303.10 ± 20.16

4.11

4

0.39

FT2 × BRS 231

23.99 ± 1.37

9.08 ± 1.56

−10.03 ± 3.81

0.49

1

0.48

161.95a ± 71.63

304.59 ± 41.31

2.95

2

0.23

129.22 ± 25.25

EMBRAPA 48 × BRS 154

20.66 ± 0.71

4.11 ± 1.62

1.56

2

0.46

233.58 ± 15.52

8.11

4

0.09

EMBRAPA 48 × BRS 184

24.33 ± 0.77

3.13b ± 1.84

0.94

2

0.62

276.07 ± 18.36

4.56

4

0.34

EMBRAPA 48 × BRS 214

24.65 ± 0.77

3.26 ± 1.62

5.33

2

0.07

271.89 ± 18.13

2.58

4

0.63

EMBRAPA 48 × BRS 231

35.56 ± 2.75

6.18 ± 1.53

−38.64 ± 6.66

−14.80 ± 3.15

c

225.88a ± 73.28

273.65 ± 38.40

3.30

2

0.19

130.62 ± 25.23

BRS 154 × BRS 184

18.24 ± 0.73

0.86

3

0.83

249.09 ± 16.57

5.59

4

0.23

BRS 154 × BRS 214

20.10 ± 0.76

1.21

3

0.75

68.71 ± 36.01

234.87 ± 21.31

0.40

3

0.94

BRS 154 × BRS 231

16.76 ± 0.63

6.85

3

0.08

187.78 ± 12.50

5.49

4

0.24

BRS 184 × BRS 214

23.07 ± 0.83

3.09

3

0.38

318.93 ± 21.14

3.41

4

0.49

BRS 184 × BRS 231

16.99 ± 0.70

2.77 ± 1.47

0.26

2

0.88

315.39 ± 35.86

0.96

3

0.81

132.98 ± 25.64

BRS 214 × BRS 231

17.42 ± 0.65

3.03 ± 1.33

1.02

2

0.60

195.73 ± 13.05

5.61

4

0.23

aD calculated as 0.5(D1 + D2), where D1 and D2 are estimates of D in the presence of linkage—Mather and Jinks (1982)

b[d] is significant at the 10% level of probability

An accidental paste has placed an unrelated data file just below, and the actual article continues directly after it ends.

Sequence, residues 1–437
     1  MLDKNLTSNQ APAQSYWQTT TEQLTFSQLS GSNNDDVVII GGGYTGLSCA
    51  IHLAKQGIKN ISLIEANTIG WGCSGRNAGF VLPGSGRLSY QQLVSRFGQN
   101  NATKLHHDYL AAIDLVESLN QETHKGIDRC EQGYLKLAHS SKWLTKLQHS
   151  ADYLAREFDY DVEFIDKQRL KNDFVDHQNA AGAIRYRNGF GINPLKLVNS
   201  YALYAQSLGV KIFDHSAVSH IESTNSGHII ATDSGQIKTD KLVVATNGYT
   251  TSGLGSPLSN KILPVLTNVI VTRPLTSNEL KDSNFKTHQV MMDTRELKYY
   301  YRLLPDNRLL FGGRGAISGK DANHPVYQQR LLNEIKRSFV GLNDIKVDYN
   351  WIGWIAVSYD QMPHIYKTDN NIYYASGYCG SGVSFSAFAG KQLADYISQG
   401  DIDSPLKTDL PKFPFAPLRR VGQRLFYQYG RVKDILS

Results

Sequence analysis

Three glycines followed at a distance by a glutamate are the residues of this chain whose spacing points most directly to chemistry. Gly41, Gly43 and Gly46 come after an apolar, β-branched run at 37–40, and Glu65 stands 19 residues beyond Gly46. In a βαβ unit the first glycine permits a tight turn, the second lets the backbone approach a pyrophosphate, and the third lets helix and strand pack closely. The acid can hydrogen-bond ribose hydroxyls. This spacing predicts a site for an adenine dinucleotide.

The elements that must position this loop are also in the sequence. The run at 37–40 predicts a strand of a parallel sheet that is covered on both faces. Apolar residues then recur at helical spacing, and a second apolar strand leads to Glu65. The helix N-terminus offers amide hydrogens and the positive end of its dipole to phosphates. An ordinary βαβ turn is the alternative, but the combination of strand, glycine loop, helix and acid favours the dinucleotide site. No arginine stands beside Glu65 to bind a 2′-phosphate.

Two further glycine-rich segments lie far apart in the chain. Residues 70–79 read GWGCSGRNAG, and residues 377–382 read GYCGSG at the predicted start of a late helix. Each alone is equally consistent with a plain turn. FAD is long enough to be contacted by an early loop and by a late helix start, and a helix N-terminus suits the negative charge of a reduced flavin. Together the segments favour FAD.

cPerfect fit solution

E1 and E2 are the additive environmental component of P1 and P2, respectively, in the presence of genotype × micro-environmental interaction—Mather and Jinks (1982)

Note: All estimates are significant the 5% level of probability unless otherwise specified

Additive genetic effects were significant in seven and 11 of fifteen crosses in the first and second assessment, respectively, as detected by the mean ([d]) and variance (D) genetic components of the models fitted to the parents and F2 and F3 generations (Mather and Jinks 1982 and Jinks and Pooni 1982). The dominance mean component ([h]) was detected two and three times in the first and second assessments, respectively, being directional towards susceptibility in the first and bi-directional in the second assessment. Non-allelic interaction mean components of the duplicate and complementary type in the first and second assessment, respectively, were detected in two crosses. Considering the detection of bi-directional dominance and complementary and duplicate non-allelic interaction, it appears that neither effect played significant roles in the evolution of Asian rust resistance in soybeans.

The detection of a greater amount of significant genetic models in the second assessment confirmed results from analyses performed directly on the F2 and F3 score distributions, i.e., evaluation of rust resistance in soybean genotypes at later plant developmental stages under severe rust infection proved useful for breeding screening purposes, since the genotypes fully expressed their resistance or susceptibility characteristics and were better discriminated.